state derived an advantage. Sometimes, on the other hand, the state suffered, by the Trierarchs performing their duties at the least possible ex­pense, or letting out their Trierarchy (nia-dtoaat ttjv tetrovpyiav) to the contractor who offered the lowest tender. (Dem. de Coron. Trierar. 1230.) One consequence of this was, that the duties were inadequately performed; but there was a greater evil connected with it, namely, that the contractors repaid themselves by privateering on their own account, which led to reprisals and letters of marque being granted against the state. (sylae : Dem. Id. 1231.) It seems strange that the Athenians tolerated this, especially as they were sometimes inconsistent enough to punish the Trierarchs who had let out their Trierarchy, considering it as a desertion of post (AewroTa£ioi/, Id. 1230).

We may here observe, that the expression in Isaeus (de Apoll. Hered. 67), that a Trierareh " had his ship made himself" (ti)i/ vomv iroi^ad^e-vov), does not mean that he was at the cost of building it (z/auTn^rjo-d^ei/os), but only of fitting it up and getting it ready for sea. That the ships always belonged to the state, is further evident from the fact that the senate was intrusted with the inspection of the ship-building (Dem. c. Androt. 599. 13) ; and is placed beyond all doubt by the 46 Athenian Navy List" of the inscriptions in Bockh. ( Urlmnden, &c.) Some of the ships there mentioned are called dvetriKX^puroi^ whence it ap­pears that the public vessels were assigned by lot to the respective Trierarchs. A rpitfprjs eirtSoal^ /uos was a ship presented to the state as a free gift, just as rpi^pTf] in&ovvai means to present the state with a trireme (Dem. c. Mid. 566, 568). The duration of a Trierarchy was a year, and if any Trierareh served longer than his legal time, he could charge the extra expenses (rti eirirpitipdp* X^a) to his successor. To recover these expenses an action (IjriTpiiripapx'tfiJ.a.TOs 6^/07) might be brought against the successor, of which we have an example in the speech 0f Apollodorus against Polycles, composed by Demosthenes for the former. •^ II. On the expenses of the Trierarchy. These would of course depend upon circumstances; but except in extraordinary cases, they were not more thanJiJQ-f-ilbr less than 40 minae: the average was about 501 Thus about the year b. c. 360, a whole Trierarchy was let out for 40 minae ; in later times the» general amount of a contract was 60. (Dem. c. Mid. 539, 564. 20, de Coron. 260, 262.)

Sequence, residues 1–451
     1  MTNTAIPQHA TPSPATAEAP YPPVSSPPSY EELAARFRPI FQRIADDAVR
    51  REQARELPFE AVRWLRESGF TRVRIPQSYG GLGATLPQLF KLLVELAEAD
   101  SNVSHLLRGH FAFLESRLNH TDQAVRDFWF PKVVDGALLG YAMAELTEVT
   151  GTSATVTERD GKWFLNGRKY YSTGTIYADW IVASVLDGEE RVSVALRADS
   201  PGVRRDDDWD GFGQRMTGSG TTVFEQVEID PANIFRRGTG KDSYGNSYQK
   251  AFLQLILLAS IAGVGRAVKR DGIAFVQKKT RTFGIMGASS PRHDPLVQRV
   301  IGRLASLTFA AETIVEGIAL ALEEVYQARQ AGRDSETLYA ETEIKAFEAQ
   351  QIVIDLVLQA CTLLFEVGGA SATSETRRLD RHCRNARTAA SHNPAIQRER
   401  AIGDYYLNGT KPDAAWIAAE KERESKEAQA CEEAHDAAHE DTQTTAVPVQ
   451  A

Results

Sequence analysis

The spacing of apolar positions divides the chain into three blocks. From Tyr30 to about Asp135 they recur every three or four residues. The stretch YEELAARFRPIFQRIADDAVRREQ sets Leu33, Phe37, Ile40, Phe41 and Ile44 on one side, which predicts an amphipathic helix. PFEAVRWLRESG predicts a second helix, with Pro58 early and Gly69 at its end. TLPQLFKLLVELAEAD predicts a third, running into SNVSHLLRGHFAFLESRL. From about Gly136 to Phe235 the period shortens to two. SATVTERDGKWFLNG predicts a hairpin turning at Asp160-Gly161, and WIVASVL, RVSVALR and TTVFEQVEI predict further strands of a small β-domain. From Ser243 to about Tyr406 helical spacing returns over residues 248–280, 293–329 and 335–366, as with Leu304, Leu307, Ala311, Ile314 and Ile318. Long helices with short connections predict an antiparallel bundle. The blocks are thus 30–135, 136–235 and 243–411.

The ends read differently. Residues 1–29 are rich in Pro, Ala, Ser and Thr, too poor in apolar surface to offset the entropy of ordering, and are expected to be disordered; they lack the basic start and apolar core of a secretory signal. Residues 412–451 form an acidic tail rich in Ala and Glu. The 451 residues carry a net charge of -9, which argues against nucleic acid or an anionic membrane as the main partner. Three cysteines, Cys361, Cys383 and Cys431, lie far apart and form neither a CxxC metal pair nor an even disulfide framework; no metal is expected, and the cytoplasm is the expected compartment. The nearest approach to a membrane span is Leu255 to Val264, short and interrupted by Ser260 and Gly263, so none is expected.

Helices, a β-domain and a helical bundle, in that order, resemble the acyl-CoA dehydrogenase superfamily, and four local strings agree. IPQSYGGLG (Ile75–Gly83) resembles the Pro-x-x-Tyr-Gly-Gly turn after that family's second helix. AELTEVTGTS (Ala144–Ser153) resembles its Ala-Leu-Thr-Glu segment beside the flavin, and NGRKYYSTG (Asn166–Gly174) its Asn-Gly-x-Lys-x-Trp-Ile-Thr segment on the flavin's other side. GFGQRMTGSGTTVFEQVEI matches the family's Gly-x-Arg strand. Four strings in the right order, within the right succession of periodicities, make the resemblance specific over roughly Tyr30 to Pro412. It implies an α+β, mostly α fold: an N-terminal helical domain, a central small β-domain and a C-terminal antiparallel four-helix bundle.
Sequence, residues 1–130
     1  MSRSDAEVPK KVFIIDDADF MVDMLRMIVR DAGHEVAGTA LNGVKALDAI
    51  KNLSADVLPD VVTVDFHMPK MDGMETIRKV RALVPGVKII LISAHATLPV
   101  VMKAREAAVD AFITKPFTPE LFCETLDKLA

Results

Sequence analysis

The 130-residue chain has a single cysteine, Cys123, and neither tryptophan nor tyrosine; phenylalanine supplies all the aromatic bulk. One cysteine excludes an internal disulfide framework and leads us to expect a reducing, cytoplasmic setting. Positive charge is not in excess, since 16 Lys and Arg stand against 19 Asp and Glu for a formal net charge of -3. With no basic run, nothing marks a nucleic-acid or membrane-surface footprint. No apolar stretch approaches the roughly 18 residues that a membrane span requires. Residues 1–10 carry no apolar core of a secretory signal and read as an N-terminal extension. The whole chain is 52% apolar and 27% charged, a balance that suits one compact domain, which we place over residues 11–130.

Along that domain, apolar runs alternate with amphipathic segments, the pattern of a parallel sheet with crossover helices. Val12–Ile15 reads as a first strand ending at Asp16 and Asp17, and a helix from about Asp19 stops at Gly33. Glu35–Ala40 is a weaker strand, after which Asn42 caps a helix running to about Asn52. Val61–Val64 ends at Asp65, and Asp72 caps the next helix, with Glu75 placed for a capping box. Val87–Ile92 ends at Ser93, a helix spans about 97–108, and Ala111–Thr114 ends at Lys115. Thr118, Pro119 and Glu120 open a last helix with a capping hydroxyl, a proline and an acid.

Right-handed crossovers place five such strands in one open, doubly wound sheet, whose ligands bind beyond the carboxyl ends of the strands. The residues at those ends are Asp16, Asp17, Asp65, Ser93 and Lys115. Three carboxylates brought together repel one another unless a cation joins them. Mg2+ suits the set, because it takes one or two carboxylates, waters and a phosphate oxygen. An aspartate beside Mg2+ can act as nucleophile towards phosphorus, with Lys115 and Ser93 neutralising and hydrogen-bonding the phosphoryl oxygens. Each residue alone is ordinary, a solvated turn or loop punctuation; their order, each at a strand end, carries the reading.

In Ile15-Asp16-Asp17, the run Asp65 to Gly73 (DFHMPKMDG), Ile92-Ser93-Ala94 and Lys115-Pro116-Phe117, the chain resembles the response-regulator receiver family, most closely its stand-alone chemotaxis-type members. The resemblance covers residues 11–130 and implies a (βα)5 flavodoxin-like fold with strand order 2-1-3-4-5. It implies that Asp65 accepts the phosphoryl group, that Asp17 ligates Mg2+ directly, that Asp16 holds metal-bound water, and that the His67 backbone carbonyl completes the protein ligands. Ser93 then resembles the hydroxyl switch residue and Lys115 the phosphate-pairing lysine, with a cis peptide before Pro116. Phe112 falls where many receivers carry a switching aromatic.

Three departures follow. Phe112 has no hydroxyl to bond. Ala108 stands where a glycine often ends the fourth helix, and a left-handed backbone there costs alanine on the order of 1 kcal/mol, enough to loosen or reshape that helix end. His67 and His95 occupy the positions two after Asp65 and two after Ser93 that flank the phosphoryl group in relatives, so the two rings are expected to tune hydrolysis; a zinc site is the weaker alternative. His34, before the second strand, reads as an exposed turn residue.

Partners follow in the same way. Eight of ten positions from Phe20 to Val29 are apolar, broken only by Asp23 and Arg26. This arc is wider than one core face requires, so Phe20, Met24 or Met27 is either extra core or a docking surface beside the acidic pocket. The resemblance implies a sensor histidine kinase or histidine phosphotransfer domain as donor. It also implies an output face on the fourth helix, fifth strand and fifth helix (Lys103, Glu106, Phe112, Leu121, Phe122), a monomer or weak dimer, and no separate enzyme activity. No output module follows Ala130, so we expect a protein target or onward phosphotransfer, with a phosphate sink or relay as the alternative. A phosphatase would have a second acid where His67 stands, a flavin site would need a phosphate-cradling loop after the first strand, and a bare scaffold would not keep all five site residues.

III. On the different forms of the Trierarchy. In ancient times one person bore the whole charge, afterwards it was customary for two persons to share it, who were then called Syntrierarchs (crvv-rpnqpapxoi). When this practice was first intro­duced is not known, but Bockh conjectures that it was about the year 412 B. c., after the defeat of the Athenians \in Sicily, when the union of two persons for the Choregia was first permitted. The most ancient account of a syntrierarchy is later than 410 (Lys. c. Diogit. 907, 909), and we meet with one so late as B. c. 358, the year of the Athe­nian expedition into Euboea. (Dem. c. Mid. 566. 24.) The syntrierarehy to which we allude was indeed a voluntary service (eTr^Sotrty), but there can be little doubt that it was suggested by the ordinary practice of that time ; and even under the next form of the service, two Trierarchs were sometimes employed for the immediate direction of the Trierarchy. The syntrierarchy, however, did